Sugar Consumption In US: Why Sugar Might Be The Biggest Silent Killer

July 5, 2017

Sugar Consumption

Let’s get right to the biggest elephant-in-the-room kind of question – IS SUGAR A DRUG? This question has been around for ages and if we take a look at the rates of sugar consumption in US, we are bound to accept this idea as a true possibility.

We all know how well sugar can tickle our dopamine receptors, much like alcohol, nicotine, and other notorious narcotics, which is why consuming too much sugar is the culprit behind a range of life-threatening illnesses.

According to the famous science writer, Gary Taubes, sugar MUST be considered a drug.

The Root Of The Sugar Consumption Problem

As Taubes notices, the huge part of the problem might be hidden in the fact that we don’t really know how much sugar is too much.

He writes:

“Once we have observed the symptoms of consuming too much sugar, the assumption is that we can dial it back a little and be fine – drink one or two sugary beverages a day instead of three; or, if we’re parenting, allow our children ice cream on weekends only, say, rather than as a daily treat,” says Taubes, and adds:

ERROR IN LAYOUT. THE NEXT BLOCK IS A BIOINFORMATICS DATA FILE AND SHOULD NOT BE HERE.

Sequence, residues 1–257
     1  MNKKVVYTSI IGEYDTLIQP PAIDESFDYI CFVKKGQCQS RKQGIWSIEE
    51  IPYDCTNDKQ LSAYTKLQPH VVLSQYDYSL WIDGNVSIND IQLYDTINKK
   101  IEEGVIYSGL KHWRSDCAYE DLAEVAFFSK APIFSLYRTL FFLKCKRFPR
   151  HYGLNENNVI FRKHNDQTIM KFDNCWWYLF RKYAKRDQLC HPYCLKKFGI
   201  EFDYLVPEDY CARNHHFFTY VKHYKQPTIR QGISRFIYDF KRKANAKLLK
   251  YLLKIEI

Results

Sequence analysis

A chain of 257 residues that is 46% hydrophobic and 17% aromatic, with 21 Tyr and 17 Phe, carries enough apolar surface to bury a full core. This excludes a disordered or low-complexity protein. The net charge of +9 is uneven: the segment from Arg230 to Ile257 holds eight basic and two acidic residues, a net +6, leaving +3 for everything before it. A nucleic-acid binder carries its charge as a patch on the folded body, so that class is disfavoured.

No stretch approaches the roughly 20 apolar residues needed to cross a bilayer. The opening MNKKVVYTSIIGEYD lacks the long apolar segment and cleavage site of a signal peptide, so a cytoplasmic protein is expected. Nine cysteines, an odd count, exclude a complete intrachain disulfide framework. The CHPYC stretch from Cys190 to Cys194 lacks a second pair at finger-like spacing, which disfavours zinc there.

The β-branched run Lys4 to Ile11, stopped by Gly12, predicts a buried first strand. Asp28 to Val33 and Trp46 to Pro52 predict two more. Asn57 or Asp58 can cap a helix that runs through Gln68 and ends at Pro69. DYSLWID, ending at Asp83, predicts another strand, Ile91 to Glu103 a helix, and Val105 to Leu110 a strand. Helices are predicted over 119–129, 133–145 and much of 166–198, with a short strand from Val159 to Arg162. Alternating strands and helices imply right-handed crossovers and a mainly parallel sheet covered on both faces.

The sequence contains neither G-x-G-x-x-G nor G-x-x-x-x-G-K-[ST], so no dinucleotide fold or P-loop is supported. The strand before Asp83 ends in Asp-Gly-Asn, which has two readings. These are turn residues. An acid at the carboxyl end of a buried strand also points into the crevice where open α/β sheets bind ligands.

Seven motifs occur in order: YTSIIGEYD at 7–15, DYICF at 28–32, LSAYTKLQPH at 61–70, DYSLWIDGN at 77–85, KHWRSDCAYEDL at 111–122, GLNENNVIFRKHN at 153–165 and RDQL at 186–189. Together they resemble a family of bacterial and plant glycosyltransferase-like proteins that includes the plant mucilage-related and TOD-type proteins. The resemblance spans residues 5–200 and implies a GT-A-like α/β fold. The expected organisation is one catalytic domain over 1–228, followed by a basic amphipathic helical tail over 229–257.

“But if it takes years or decades, or even generations, for us to get to the point where we display symptoms of metabolic syndrome, it’s quite possible that even these apparently moderate amounts of sugar will turn out to be too much for us to be able to reverse the situation and return us to health. And if the symptom that manifests first is something other than getting fatter – cancer, for instance – we’re truly out of luck.”

As we can see here, he relates the sugar addiction problem to nicotine addiction, and the question here is – is a few cigarettes a day truly better than a whole pack?

What we tend to neglect is that sugar is present and prevalent in almost all foods, while carbohydrates also turn everything we eat into sugar in our bodies. So, moderation, although necessary, ends up being indefinable.

But What CAN We Do?

According to Blue Hill chef, Dan Barber, even though we may never know EXACTLY how much sugar is too much sugar, we simply MUST dial it back a lot.

“Our job here — and not only here, but with everything from tobacco to global warming — is to override the imperfect, long haul to scientific certainty and instead follow the precautionary principle, which means recognizing what’s staring us in the face and acting on it as if our health hangs in the balance. Because it does.”

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